White House: Biden committed to codifying Roe v. Wade regardless of Miss. case
The White House says President Biden is committed to codifying the outcome of Roe v. Wade regardless of how the Supreme Court rules after the justices agreed to hear arguments over a Mississippi law that bans virtually all abortions after 15 weeks of pregnancy.
Press secretary Jen Psaki declined to weigh in on the high court taking up the case, but denounced how “the right to health care, the right to choose, have been under withering and extreme attack, including through draconian state laws” over the last four years.
“And the president and the VP are devoted to ensuring that every American has access to health care, including reproductive health care, regardless of their income, ZIP code, race, health insurance status or immigration status,” she added. “As such, the president is committed to codifying Roe regardless of the … outcome of this case.”
The Supreme Court said it would take the case on the Mississippi law after it was struck down twice by lower courts. In 2019, the U.S. Court of Appeals for the 5th Circuit held that the state’s restriction placed an unconstitutional burden on a woman’s right to terminate an unwanted pregnancy before viability.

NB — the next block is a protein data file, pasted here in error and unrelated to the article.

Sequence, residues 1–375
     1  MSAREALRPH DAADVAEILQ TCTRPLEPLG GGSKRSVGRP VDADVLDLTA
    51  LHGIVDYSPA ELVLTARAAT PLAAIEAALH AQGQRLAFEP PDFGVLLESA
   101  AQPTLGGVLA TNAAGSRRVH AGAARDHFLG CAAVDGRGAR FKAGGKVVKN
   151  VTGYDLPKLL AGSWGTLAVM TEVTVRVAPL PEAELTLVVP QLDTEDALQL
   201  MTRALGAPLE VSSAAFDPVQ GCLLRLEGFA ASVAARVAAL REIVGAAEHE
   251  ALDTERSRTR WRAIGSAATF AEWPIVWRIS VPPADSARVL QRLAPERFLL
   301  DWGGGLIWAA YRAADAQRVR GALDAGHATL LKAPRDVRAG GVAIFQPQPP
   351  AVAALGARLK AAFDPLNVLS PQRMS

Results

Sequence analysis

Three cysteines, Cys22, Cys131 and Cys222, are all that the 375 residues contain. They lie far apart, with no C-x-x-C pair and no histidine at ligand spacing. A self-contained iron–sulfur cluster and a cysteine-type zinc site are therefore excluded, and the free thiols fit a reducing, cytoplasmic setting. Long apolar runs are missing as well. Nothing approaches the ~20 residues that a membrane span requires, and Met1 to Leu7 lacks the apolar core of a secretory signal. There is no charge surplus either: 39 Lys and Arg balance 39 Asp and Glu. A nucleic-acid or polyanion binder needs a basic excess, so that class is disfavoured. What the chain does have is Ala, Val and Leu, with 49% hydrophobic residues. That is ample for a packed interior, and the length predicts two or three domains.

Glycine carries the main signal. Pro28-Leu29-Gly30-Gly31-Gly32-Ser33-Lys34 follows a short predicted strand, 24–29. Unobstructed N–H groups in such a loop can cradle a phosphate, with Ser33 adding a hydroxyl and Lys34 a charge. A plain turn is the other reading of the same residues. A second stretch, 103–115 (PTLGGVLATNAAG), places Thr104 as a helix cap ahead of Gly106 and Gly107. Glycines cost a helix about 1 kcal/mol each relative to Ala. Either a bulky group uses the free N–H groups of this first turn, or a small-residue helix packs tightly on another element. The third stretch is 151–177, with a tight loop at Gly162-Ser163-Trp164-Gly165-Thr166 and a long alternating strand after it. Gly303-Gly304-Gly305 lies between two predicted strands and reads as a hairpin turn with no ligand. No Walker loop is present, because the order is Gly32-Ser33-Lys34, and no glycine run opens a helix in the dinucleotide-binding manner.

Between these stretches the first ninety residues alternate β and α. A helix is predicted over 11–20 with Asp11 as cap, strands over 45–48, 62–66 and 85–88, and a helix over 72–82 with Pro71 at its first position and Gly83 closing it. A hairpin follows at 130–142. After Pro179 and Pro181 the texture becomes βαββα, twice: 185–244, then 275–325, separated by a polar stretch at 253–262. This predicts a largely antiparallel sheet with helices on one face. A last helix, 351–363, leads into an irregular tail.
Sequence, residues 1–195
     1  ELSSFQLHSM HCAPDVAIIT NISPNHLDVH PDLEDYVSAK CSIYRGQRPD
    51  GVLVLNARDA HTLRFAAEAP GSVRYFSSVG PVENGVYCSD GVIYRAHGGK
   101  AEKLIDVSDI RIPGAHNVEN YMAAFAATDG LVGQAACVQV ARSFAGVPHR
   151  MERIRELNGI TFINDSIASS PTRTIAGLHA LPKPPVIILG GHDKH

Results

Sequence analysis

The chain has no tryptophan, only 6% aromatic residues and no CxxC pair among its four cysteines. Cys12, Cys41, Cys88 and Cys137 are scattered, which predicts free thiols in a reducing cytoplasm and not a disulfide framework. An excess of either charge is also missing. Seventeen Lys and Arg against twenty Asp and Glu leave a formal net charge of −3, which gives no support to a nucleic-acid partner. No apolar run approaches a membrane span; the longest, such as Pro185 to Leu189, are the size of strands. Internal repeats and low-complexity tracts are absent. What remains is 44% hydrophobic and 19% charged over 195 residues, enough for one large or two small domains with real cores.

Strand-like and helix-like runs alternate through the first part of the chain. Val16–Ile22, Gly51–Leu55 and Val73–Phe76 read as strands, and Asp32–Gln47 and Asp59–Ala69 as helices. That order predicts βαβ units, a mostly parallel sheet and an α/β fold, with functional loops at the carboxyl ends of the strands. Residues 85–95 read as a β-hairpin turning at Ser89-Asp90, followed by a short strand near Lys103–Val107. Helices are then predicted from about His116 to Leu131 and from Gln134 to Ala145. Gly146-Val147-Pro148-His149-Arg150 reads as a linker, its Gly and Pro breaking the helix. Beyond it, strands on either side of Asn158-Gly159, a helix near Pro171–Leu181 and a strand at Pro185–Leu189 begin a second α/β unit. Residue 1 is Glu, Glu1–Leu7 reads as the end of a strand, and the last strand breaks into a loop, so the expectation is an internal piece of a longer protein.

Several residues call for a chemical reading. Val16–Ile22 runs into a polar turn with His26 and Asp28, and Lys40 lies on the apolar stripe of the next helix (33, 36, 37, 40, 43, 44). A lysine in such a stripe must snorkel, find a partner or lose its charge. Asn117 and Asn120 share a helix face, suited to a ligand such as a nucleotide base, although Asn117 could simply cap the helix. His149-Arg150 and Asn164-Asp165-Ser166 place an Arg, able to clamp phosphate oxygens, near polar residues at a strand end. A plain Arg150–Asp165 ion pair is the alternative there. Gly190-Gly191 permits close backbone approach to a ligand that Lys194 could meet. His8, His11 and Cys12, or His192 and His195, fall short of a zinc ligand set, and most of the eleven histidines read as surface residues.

Last term, a 5-4 Supreme Court majority voted to block a Louisiana abortion limit, with Chief Justice John Roberts casting the deciding vote alongside Justice Ruth Bader Ginsburg and the court’s three other more liberal justices.
But the court has undergone an ideological shift since then, with Ginsburg’s death and replacement by Justice Amy Coney Barrett giving conservatives a 6-3 majority and throwing the future of long-standing abortion protections into question.
The Mississippi law is among hundreds of abortion restrictions that have been introduced recently in state legislatures across the country. In 2021 alone, more than 500 abortion restrictions, including nearly 150 bans, were introduced in 46 states, according to the Guttmacher Institute. Of those, just over 60 measures have been enacted.
It’s unlikely Congress will pass a law cementing the precedent set by Roe v. Wade into law, as it would require at least 10 GOP senators to vote with all 50 Democrats and independents. Only Republican Sens. Susan Collins (Maine) and Lisa Murkowski (Alaska) have made clear their support for the law.
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